Is it possible to be proficient in English grammar but lack oral communication skills?
Not only is it possible, but it’s more common than you think.
Grammar skills are certainly helpful, and there are situations in which accuracy is important—when you’re writing an academic essay, for example. However, even learners who have perfect grammar can’t necessarily hold a conversation.
The Problem with Accuracy
English is a complicated language with a lot of rules and exceptions. Learners know this and often worry about breaking those rules when they speak.
Speakers who are too focused on correct grammar face a kind of speed-accuracy tradeoff: They speak slowly to produce more accurate sentences. This makes sense—a speaker who takes time to think before speaking will make fewer errors. Unfortunately, this isn’t a great conversation method.
Pace and flow are important parts of a conversation. When someone is only concerned with avoiding errors, the conversation can’t progress naturally; the speaker is too busy translating and perfecting each sentence in their head before saying anything. A speaker who chooses accuracy over speed will have difficulty managing real-life conversations, achieving natural-sounding speech, and expressing their ideas.
Focusing on Speed
The less a speaker worries about perfection in their sentences, the faster they’ll be able to respond to others. Fewer pauses and awkward silences will allow conversations to flow more naturally; their ideas will be conveyed more freely.
Not only will conversations flow more naturally, but engaging in real-time conversations at a natural pace will strengthen a learner’s language skills, as seen in the fluency-oriented approach. And the stronger a learner becomes in oral communication, the less they’ll have to think about what they’re saying; eventually, they’ll achieve automaticity.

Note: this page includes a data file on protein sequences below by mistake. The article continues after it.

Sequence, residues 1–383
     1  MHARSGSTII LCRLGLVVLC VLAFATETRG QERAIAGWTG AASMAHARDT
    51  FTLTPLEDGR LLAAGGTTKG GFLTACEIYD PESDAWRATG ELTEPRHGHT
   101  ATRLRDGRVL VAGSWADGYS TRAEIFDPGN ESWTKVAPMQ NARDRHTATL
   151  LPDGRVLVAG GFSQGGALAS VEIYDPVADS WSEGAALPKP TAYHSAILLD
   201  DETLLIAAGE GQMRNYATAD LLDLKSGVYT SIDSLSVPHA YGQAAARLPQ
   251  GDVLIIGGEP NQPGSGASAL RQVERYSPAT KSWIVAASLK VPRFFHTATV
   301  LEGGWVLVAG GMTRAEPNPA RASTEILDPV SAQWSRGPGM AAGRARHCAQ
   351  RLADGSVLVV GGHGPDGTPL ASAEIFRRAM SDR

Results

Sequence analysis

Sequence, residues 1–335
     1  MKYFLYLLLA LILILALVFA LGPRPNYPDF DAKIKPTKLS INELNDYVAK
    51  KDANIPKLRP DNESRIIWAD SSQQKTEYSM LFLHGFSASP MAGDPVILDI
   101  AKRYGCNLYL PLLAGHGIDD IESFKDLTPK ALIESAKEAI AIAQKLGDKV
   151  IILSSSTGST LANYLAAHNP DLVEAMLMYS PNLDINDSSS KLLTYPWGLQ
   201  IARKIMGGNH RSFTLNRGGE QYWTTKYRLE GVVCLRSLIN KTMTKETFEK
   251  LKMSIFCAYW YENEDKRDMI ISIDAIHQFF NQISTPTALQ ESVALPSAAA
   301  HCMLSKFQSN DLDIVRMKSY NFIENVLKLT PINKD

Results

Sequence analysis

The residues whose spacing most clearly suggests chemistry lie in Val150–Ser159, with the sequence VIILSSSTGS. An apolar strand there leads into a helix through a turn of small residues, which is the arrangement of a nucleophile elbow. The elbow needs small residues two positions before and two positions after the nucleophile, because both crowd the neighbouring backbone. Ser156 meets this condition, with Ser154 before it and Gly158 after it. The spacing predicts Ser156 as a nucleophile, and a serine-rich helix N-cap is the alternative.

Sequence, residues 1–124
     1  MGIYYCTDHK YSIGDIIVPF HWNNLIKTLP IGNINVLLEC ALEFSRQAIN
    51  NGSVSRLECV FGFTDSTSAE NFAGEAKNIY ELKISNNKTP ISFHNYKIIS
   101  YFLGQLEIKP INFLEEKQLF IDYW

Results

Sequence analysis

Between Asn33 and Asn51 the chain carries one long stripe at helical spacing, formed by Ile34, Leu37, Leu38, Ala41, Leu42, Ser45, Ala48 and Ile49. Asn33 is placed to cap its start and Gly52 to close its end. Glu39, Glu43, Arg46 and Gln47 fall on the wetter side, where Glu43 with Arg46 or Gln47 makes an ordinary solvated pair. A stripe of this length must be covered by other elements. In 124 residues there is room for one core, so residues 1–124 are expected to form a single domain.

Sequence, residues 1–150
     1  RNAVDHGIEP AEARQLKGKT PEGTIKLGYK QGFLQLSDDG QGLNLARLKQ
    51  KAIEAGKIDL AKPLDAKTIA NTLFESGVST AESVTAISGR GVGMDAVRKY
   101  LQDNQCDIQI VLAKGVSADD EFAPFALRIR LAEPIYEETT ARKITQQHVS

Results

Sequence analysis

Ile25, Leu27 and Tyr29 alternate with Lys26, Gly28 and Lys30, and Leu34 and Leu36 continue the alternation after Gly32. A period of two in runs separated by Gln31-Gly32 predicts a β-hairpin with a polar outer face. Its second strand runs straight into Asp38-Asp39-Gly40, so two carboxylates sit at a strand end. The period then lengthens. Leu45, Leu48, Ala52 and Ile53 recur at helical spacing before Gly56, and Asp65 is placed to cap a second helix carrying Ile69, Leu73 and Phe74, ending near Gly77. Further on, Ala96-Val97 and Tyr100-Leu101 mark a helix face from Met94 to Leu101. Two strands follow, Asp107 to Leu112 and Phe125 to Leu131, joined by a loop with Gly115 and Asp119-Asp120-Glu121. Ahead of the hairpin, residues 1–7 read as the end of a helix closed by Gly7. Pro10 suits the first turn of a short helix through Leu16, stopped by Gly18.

An English learner might worry that they won’t be understood if they don’t have perfect grammar. But in a conversation, there are at least two people involved: the speaker and the listener. Yes, it’s the speaker’s job to communicate their thoughts, but the listener has an active role as well. With their own knowledge of English, they’re able to listen, fill in the blanks, and figure out what the speaker is saying. As a result, the speaker’s overall message can be understood even if they’ve misused a verb tense or forgotten a preposition.
There’s no question that grammatical accuracy is important in reading and writing tasks— composing a business email or understanding a research paper, for example. But oral communication is different. By ignoring the urge to speak perfectly and trying instead to respond more quickly, an English learner can improve their communication skills and will have more effective conversations overall.